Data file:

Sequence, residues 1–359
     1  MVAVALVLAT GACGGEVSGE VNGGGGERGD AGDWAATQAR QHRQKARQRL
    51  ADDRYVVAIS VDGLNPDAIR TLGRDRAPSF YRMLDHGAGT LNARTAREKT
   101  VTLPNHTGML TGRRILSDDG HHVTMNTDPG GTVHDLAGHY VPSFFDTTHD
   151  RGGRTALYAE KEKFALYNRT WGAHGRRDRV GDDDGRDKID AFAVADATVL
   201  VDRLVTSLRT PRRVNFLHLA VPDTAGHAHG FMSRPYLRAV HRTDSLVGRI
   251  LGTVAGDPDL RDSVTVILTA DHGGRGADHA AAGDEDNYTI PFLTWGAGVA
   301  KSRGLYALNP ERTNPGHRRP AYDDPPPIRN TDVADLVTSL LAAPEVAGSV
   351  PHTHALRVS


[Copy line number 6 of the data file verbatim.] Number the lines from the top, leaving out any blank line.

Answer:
   201  VDRLVTSLRT PRRVNFLHLA VPDTAGHAHG FMSRPYLRAV HRTDSLVGRI